I had the pleasure of driving for a few hours in yesterday’s New England blizzard. (I was coming back from a radio interview for “On Point,” which is broadcast out of WBUR in Boston. You can listen to me here.) While driving up a white I-93, I counted more than a dozen vehicles that had lost control, zoomed off the highway shoulder, and ended up trapped in snow banks. So far, so normal. A snow storm makes for treacherous driving. But here’s the surprising observation (at least, it was surprising to me): 8 of the 13 cars were trucks. Big, brawny 4×4’s. The kind of vehicle that people buy because it can drive in the snow.
Obviously, my sample size was small. But I wonder if truck-drivers in inclement weather drive with a false sense of confidence. It’s better to have four-wheel drive in the snow, but an icy road is still an icy road. This hypothesis would dovetail with research showing that drivers with various safety options (air-bags, ABS, etc.) tend to drive more recklessly and are responsible for more accidents. (This is known as risk homeostasis.) In other words, the safer we perceive our cars to be, the less safely we tend to drive them.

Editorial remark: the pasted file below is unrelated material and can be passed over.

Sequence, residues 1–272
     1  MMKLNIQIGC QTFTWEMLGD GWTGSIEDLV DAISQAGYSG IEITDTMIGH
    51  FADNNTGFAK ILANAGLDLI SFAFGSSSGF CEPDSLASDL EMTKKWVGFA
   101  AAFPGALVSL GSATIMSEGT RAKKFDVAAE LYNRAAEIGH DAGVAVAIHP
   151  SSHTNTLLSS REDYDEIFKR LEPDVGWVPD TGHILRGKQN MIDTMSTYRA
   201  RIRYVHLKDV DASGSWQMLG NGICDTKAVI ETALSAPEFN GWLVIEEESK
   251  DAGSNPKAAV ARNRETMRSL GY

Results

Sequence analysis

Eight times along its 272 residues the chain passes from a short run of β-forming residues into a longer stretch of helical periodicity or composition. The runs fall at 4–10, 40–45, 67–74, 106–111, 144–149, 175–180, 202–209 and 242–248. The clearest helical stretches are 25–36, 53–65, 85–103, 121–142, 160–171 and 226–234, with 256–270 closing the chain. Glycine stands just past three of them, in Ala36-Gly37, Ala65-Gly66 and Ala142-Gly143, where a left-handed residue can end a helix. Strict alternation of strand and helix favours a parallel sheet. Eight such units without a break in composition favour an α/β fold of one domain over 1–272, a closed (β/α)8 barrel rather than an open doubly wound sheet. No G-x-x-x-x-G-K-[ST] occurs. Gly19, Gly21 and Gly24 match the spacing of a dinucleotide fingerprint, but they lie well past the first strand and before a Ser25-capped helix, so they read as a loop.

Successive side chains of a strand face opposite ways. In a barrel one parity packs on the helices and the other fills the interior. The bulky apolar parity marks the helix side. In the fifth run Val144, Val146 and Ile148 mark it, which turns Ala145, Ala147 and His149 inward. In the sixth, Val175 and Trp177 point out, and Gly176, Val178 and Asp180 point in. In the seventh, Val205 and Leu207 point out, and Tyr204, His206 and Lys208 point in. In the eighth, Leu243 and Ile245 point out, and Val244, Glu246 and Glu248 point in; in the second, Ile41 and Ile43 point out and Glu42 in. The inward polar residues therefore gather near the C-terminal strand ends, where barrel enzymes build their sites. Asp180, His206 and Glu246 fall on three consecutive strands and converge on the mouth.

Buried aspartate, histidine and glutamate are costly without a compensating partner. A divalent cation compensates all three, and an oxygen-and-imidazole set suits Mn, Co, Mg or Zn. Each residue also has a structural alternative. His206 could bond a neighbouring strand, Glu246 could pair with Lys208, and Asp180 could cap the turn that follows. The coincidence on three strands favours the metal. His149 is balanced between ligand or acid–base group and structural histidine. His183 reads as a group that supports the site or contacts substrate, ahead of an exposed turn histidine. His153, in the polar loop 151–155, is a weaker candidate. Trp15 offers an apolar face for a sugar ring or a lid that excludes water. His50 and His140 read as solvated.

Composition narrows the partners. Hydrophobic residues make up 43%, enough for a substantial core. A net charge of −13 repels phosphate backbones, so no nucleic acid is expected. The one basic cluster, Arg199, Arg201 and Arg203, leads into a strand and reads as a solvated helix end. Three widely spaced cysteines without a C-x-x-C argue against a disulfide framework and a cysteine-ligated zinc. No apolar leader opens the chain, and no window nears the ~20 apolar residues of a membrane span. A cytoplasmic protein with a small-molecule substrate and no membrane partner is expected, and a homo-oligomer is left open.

For more this research, check out the work of Fred Mannering.